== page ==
PROVO, Utah — Words have the power to build communities and dissolve barriers. So it’s no surprise that in an era marked by vitriolic Twitter wars and media upheaval, they also have the capacity to divide us.
Politicians often turn to violent or loaded language to garner new supporters. But, according to a new study, this approach only intensifies the current political divide.
The research, conducted by professors from Brigham Young University professors and Louisiana State University professor, reveals that when politicians use violent language they pump up their supporters, naturally, but simultaneously increase polarization with voters who oppose them.
To reach their conclusion, the authors had “Republicans and Democrats read political statements on policy issues, then measured their support for these policies,” according to a university news release. Subjects read statements using words like “fight” or “battle” while others preached less violent terms such as “effort” and “work” to hammer home similar points.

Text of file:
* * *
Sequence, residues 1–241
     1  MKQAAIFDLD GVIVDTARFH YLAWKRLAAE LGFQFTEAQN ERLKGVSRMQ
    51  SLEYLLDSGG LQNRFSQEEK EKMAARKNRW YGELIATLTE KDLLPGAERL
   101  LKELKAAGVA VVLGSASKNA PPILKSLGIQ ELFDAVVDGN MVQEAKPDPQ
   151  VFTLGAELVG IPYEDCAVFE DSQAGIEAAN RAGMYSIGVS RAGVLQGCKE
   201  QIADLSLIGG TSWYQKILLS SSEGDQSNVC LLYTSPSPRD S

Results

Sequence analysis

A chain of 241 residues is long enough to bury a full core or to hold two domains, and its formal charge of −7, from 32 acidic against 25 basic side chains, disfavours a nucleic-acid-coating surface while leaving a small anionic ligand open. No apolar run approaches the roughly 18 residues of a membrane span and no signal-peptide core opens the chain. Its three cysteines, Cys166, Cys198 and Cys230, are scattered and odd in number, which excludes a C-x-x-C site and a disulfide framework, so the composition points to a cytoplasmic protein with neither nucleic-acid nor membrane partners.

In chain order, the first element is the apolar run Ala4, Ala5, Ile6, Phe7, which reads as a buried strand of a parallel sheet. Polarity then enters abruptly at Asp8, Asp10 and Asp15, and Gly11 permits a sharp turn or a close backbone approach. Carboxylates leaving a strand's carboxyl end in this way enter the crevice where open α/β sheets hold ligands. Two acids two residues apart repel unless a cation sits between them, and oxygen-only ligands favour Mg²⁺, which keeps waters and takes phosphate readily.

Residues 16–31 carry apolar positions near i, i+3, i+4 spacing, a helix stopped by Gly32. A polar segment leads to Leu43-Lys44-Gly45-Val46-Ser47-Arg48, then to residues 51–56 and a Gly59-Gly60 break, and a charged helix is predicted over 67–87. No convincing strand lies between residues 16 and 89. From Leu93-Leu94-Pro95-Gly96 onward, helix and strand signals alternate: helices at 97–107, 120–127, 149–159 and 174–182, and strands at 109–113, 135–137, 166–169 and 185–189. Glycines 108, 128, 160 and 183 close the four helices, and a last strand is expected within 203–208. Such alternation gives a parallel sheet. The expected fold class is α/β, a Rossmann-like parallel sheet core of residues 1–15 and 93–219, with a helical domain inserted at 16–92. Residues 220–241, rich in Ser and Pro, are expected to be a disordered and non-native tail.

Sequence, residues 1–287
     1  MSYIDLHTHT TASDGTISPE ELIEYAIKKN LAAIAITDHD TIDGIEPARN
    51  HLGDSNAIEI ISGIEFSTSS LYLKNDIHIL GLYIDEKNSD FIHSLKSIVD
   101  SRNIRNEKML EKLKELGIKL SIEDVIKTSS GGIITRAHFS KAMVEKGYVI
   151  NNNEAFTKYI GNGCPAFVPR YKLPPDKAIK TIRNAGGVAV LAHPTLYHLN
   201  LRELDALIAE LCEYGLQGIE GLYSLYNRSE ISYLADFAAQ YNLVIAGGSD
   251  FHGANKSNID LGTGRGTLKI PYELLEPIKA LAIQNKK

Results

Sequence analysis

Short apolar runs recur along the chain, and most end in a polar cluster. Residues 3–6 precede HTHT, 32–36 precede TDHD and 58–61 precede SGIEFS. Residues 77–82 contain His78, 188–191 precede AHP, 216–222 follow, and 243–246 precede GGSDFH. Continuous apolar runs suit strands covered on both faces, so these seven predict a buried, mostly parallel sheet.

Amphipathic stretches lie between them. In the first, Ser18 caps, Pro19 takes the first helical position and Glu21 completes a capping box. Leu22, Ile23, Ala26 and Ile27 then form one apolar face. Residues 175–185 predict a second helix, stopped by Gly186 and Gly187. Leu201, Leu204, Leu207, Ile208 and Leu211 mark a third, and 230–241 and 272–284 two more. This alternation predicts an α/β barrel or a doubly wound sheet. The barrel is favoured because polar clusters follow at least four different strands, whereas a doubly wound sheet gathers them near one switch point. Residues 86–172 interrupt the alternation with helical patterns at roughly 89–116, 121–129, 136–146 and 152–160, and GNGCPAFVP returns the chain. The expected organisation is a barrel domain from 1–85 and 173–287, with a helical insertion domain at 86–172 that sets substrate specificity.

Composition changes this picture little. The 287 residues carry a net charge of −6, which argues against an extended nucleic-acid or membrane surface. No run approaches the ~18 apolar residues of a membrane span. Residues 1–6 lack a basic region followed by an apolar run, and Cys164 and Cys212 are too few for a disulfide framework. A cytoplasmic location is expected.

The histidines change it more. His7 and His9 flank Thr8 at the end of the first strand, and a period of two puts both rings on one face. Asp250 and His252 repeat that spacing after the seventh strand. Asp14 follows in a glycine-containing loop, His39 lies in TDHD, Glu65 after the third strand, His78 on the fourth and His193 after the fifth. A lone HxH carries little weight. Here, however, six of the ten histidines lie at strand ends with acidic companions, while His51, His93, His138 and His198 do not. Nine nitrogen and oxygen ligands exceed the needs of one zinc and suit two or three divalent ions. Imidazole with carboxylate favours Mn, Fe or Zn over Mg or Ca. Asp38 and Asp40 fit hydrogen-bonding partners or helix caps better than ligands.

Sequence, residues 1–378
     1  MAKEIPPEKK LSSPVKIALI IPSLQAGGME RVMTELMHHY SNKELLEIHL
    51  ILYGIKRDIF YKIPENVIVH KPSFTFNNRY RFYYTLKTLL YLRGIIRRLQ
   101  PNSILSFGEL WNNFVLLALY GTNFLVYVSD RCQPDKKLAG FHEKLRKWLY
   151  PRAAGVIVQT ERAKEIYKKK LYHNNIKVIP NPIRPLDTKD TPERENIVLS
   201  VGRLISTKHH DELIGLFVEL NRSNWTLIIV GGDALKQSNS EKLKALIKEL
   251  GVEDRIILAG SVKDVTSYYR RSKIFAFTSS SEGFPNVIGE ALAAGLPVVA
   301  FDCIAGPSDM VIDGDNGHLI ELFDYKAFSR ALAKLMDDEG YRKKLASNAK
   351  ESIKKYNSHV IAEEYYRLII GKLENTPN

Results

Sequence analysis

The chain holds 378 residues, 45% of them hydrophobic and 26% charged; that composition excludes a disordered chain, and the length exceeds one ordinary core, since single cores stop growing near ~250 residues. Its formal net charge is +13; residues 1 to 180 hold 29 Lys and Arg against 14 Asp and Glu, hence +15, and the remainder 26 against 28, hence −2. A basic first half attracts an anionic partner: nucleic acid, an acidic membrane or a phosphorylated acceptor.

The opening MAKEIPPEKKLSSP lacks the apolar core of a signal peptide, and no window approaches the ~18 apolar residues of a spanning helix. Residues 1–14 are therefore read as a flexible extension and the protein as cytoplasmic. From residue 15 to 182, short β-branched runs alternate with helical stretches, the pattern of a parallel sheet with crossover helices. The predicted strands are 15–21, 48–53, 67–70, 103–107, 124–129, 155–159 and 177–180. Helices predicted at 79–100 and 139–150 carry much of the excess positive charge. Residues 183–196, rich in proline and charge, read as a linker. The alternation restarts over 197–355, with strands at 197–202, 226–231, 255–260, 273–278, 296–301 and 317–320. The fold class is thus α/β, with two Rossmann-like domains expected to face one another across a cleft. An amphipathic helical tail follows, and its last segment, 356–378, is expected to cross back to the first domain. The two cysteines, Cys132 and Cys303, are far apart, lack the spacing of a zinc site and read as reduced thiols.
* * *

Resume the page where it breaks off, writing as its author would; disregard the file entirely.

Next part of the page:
BYU professor Joshua Gubler discovered that the terminology, symbolic or not, drove already distant partisans further apart.
“Even if it’s metaphorical, and everyone knows it, there’s something that happens when you frame things in terms of battle or war that has real-world consequences,” he explains.
A heightened sense of media backfire and sensationalism likely plays a critical role in certain metaphors sticking and not sticking with audiences. While journalists use violent language to play up conflict, Gubler says politicians should not only choose their words wisely, but narrow their audiences.
Nathan Kalmoe, the study’s co-author from LSU, suggests politicians implement a “micro-targeting” approach. The process requires more focused marketing and outreach. Politicians can reserve their “call to action” approach for specific email campaigns.
“If you can restrict your use of that language or the reception of that language to people that are just on your side, then you have the ability to push in one direction on political issues,” he says.
In an increasingly divisive climate, politicians can be most effective when they use their words to unify rather than excite, the authors believe.
Creating more thoughtful, less polarizing dialogue across party lines seems doubtful. However, politicians have the opportunity to reach a wider audience using language that is more inclusive.
The full study was published in September in the journal Political Communication.
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